Our recent book New Media Poetics: Contexts, Technotexts, and Theories, edited by Adalaide Morris and Thomas Swiss, is an indepth look at how poetry is being transformed by digital technology, computers, and the internet. The world of digital poetry challenges readers to interact with the words on the page or in the digital realm, and allows the shifting and manipulation of the written word to be a form of expression in and of itself. New Media Poetics contains a poignant collection of essays by writers and poets on this burgeoning new media form. Here is an excerpt from the introduction:
“The reciprocal and complementary aims of this book are to extend the work of understanding the computer as an expressive medium by adding new media poetry to the study of hypertext narrative, interactive fiction, computer games, intermedia art, and other digital art forms, to showcase a series of visually arresting, aurally charged, and dynamic examples of this kind of writing, and to consider some of the ways in which these examples reconfigure the familiar filed of poetry by bringing back into view vital but marginalized lineages of print and sound poetics, procedural writing, gestural abstraction and conceptual art, and activist and/or utopian communities formed by emergent poetics.”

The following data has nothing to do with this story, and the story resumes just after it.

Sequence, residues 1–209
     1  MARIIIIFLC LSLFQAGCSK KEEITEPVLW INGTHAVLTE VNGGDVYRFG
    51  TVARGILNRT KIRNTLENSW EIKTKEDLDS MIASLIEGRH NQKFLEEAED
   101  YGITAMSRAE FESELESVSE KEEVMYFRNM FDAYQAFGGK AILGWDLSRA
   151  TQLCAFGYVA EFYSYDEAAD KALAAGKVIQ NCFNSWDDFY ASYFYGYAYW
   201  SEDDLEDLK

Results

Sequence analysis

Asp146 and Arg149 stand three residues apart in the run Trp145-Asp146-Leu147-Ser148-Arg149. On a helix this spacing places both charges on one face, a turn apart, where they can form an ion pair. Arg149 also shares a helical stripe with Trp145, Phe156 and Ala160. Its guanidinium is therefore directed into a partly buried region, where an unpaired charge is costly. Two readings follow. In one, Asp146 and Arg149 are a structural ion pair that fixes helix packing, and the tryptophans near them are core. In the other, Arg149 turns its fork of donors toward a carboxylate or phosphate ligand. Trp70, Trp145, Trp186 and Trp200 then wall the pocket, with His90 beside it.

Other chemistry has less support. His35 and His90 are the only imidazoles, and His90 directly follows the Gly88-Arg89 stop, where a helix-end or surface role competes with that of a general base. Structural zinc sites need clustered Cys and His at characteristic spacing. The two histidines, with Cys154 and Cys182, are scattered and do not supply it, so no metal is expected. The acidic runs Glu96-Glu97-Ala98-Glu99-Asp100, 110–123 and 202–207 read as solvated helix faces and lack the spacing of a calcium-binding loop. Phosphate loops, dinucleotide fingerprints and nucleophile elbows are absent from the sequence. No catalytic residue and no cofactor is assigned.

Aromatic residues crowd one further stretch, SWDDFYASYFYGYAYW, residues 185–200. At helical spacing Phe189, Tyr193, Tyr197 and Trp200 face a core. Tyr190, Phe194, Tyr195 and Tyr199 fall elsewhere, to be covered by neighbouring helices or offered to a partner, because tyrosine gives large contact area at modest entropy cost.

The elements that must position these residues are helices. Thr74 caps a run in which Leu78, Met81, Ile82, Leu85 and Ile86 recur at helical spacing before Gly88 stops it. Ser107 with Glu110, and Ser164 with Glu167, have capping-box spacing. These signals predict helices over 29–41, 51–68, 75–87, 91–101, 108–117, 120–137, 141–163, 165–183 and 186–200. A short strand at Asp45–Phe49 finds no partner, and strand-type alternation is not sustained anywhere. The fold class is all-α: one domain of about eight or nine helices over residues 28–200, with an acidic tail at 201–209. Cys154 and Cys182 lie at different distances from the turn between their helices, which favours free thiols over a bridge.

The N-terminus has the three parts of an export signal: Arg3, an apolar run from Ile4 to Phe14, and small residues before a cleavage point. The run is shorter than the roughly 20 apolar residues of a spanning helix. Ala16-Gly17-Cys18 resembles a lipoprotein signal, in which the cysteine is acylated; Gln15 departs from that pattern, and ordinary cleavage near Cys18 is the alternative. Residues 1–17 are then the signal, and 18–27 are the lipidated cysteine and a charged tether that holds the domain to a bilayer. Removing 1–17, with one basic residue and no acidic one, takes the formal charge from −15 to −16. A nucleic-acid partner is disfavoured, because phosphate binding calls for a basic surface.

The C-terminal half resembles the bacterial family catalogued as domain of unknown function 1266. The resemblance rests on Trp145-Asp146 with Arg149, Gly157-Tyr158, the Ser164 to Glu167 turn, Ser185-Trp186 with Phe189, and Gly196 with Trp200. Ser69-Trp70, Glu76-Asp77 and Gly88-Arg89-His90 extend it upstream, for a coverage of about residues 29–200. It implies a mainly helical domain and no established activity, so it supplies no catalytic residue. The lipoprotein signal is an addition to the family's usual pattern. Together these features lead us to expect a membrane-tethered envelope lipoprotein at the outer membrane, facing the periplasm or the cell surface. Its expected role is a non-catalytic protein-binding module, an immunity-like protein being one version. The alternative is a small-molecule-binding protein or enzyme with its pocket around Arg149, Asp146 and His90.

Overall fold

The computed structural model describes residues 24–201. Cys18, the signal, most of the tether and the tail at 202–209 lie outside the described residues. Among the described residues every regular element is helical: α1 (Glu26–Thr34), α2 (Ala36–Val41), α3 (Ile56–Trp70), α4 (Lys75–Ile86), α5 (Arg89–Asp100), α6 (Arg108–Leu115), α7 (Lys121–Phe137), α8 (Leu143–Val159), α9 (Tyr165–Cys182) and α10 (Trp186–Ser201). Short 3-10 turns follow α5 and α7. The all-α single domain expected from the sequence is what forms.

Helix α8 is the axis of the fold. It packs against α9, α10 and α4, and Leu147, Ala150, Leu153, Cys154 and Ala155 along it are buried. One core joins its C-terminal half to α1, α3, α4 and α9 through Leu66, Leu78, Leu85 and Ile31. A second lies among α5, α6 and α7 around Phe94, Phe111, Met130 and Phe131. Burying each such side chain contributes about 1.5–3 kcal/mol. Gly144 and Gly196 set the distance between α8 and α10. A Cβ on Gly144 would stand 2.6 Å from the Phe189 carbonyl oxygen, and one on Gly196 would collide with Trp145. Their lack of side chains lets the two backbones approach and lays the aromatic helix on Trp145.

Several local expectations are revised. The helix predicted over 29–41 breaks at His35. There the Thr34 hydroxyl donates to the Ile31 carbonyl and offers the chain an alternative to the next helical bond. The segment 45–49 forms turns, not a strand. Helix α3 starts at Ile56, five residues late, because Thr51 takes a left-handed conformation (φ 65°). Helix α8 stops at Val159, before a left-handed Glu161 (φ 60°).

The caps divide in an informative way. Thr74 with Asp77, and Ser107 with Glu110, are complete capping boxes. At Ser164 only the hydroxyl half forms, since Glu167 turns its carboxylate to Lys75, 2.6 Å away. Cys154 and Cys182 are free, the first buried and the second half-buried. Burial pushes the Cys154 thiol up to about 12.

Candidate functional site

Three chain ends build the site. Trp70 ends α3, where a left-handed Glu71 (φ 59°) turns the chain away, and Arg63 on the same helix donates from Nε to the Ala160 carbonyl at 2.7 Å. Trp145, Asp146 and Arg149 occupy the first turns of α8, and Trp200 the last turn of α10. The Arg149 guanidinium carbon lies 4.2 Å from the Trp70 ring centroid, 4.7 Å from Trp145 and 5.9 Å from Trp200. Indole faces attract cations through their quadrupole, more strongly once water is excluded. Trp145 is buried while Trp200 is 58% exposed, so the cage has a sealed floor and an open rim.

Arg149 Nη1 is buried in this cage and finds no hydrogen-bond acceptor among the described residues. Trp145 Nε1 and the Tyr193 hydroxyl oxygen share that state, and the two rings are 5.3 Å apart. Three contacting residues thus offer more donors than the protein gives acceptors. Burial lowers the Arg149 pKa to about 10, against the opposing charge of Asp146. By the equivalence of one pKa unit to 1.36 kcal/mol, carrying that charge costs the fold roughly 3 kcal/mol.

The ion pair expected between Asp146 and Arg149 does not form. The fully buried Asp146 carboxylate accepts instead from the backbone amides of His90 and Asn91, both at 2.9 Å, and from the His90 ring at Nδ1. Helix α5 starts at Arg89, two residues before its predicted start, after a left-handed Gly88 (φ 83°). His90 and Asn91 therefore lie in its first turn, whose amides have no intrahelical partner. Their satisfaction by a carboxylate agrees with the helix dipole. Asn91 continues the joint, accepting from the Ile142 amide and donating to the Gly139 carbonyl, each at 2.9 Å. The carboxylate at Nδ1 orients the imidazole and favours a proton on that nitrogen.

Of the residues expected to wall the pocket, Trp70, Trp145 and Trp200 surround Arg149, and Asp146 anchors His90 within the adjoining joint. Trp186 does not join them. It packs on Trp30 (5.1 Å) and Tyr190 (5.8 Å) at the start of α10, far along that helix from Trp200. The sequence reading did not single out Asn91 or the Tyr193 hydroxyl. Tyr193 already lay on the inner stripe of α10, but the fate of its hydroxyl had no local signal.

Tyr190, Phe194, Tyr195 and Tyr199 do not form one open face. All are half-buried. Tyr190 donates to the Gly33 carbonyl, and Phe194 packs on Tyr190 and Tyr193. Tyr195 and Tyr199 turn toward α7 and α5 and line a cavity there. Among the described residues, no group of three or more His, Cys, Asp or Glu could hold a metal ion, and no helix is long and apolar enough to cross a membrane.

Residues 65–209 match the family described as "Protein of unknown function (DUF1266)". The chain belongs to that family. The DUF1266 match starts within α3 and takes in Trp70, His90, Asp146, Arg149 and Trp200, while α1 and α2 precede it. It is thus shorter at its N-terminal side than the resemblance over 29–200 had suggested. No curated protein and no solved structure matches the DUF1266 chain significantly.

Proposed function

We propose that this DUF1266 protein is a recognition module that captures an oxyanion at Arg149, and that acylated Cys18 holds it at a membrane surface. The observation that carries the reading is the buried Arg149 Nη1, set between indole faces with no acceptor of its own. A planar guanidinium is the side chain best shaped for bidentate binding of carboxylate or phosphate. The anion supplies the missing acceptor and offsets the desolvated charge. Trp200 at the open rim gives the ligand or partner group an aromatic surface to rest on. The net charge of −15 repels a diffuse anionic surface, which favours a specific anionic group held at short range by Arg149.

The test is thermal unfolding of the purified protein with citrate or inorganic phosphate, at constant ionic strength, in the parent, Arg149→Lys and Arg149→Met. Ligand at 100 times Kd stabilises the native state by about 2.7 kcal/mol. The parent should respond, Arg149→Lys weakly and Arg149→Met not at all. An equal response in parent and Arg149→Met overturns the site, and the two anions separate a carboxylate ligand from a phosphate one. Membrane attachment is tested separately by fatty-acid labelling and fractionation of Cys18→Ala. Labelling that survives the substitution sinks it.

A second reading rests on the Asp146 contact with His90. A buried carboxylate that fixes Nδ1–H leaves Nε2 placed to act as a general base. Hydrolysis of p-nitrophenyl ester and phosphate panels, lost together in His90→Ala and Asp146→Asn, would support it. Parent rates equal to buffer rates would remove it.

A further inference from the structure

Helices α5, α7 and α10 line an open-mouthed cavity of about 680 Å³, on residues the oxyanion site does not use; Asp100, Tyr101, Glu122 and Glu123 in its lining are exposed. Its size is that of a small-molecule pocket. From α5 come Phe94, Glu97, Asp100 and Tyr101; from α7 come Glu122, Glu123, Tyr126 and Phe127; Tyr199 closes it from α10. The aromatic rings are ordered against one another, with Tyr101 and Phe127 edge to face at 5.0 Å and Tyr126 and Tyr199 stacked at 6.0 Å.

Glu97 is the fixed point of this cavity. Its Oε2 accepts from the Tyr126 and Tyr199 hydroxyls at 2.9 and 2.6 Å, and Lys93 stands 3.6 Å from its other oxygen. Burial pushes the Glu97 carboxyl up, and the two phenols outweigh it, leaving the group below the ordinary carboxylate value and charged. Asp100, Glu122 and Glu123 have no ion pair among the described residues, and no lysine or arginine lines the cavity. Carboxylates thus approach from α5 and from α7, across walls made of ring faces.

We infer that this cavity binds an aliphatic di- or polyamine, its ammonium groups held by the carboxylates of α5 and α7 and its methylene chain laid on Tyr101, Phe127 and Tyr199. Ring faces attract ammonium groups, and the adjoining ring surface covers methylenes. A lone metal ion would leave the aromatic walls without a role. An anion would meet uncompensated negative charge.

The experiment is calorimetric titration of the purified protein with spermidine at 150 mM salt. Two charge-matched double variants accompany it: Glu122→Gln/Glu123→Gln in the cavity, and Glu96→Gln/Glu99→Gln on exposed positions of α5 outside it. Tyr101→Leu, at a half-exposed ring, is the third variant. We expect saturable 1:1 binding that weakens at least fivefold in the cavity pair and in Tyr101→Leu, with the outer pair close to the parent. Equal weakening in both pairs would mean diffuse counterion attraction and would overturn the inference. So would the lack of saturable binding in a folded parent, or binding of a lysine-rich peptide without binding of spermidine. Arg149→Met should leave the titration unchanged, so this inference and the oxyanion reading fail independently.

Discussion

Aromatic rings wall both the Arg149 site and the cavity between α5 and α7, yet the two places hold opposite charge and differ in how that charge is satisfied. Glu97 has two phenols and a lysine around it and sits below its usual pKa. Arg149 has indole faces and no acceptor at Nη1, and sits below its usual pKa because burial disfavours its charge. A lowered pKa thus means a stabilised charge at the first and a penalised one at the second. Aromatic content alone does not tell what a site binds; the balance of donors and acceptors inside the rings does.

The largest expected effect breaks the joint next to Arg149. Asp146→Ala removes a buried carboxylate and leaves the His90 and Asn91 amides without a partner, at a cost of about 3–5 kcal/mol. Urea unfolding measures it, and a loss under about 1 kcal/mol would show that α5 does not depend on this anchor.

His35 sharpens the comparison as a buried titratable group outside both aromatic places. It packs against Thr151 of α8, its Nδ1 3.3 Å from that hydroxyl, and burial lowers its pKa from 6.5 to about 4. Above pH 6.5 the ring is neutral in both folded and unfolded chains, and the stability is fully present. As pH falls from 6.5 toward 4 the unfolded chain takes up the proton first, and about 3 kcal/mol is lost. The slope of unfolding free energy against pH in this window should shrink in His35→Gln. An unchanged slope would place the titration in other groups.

You can check out several of the poetry projects that are analyzed and discussed in this text, online, such as Stephanie Strickland’s Vniverse, John Cayley’s riverIsland and overboard, and Jim Andrew’s Arteroids 3.1, as well as archives and databases of digital poetry, such as Ubu Web.